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Google allows users to spy on ISPs

New tools can test connection speeds and identify if service providers are restricting access

Google is flexing its net muscles with an ambitious new initiative that allows users to find out if their internet service providers (ISPs) have put access restrictions or other network controls in place.

Measurement tools for the internet are now available through Google’s Measurement Lab (M-Lab), that collaborates with the Open Technology Institute, the PlanetLab Consortium and other academic researchers.

“At Google, we care deeply about sustaining the Internet as an open platform for consumer choice and innovation,” stated a post on the official Google blog, adding that “transparency has always been crucial to the success of the Internet, and, by advancing network research in this area, M-Lab aims to help sustain a healthy, innovative Internet.”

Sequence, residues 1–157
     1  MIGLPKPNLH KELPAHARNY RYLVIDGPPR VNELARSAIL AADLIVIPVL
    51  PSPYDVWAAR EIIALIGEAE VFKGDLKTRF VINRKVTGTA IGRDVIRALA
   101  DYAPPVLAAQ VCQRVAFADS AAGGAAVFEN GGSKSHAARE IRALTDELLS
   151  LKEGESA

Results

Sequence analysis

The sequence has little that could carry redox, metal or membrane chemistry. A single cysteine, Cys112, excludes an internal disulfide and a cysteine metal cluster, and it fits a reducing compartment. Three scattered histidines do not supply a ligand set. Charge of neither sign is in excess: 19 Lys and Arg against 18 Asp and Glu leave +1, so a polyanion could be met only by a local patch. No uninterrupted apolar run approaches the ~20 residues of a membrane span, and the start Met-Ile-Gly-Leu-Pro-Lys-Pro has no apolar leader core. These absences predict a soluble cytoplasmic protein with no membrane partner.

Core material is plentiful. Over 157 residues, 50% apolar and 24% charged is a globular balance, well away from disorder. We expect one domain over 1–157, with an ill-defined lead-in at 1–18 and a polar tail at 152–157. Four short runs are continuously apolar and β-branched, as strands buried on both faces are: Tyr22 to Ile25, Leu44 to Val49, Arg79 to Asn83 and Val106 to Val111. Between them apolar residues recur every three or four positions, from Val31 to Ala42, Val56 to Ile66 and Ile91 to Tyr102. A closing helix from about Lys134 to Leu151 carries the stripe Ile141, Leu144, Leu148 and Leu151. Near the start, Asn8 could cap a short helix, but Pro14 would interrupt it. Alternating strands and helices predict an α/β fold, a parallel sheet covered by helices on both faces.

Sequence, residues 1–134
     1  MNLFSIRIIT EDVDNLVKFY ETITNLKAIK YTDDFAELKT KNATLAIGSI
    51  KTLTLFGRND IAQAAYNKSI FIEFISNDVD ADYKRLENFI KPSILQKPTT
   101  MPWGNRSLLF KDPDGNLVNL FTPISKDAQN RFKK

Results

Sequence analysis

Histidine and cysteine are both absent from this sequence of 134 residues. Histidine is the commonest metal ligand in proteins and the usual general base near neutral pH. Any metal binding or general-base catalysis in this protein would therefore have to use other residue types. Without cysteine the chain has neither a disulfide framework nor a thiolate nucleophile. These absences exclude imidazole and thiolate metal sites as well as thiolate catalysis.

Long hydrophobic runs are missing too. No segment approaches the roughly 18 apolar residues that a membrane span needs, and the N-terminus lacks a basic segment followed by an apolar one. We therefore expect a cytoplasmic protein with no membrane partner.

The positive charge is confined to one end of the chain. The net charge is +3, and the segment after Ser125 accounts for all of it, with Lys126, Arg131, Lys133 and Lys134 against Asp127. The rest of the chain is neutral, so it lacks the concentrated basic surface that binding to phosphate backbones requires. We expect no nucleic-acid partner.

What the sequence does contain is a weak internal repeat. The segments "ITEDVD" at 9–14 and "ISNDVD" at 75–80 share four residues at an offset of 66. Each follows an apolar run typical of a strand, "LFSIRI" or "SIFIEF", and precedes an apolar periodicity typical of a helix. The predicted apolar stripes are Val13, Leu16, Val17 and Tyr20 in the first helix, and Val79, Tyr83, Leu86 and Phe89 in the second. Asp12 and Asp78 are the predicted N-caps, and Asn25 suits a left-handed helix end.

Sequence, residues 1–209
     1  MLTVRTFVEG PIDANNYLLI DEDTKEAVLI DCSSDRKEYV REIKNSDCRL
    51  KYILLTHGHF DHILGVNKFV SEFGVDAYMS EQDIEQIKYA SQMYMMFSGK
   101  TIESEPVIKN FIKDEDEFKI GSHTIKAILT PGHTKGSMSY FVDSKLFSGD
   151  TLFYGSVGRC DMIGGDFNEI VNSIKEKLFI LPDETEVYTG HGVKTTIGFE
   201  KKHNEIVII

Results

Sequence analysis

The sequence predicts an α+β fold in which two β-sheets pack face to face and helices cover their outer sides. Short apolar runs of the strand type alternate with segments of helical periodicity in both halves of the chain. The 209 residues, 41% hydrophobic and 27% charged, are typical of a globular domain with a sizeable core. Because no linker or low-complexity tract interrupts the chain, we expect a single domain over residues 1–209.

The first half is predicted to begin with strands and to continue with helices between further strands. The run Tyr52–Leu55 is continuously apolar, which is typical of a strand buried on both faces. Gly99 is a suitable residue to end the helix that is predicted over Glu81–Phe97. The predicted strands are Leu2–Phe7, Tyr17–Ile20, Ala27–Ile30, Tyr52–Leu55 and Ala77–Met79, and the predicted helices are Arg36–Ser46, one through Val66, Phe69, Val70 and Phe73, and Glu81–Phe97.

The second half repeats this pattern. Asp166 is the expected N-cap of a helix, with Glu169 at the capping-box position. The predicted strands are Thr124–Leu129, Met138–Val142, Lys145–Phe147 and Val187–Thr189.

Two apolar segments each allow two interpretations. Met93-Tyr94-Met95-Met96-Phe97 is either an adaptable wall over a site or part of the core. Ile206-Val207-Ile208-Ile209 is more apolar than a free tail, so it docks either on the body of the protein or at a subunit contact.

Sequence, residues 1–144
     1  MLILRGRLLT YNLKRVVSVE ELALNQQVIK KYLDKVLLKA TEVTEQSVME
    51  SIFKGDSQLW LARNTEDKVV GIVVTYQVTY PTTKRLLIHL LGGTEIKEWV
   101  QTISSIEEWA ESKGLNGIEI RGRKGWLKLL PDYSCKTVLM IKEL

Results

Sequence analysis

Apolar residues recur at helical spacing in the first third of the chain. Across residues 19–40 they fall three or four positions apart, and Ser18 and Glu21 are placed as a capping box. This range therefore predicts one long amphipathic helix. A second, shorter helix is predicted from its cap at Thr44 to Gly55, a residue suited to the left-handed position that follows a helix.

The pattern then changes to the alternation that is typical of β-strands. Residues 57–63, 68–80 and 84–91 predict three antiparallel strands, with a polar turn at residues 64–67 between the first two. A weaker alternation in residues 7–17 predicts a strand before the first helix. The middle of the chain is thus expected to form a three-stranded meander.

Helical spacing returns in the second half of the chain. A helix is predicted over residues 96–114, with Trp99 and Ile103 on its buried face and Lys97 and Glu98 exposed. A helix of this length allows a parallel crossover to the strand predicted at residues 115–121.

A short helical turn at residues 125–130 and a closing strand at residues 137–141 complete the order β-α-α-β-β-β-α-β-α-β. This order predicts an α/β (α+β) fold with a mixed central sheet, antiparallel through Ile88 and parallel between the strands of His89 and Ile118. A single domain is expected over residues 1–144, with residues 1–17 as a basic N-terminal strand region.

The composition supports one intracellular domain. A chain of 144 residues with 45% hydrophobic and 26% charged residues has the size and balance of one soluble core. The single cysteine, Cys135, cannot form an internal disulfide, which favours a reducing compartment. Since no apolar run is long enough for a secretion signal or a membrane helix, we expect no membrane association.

M-Lab will dedicate 36 servers in 12 locations across the United States and Europe to researchers working on developing these internet tools, which will help ascertain whether ISPs are blocking or restricting specific applications, and identify the real speed of connections.

Marketed as a community-based initiative, all data collected through M-Lab will be made publicly available for other researchers to build on.

It will be interesting to find out how, and if, these tools will affect internet services in the UAE and Middle East. Once the tools become widely accepted, regional ISPs will need to ensure that services provided deliver on promises made.

At present there are three tools available to the public: the 'Network Diagnostic Tool' to test connection speeds, 'Glasnost' to identify whether BitTorrent is restricted or blocked, and 'Network Path and Application Diagnosis' that detects common problems on broadband networks. All these can be accessed through the M-Lab website.

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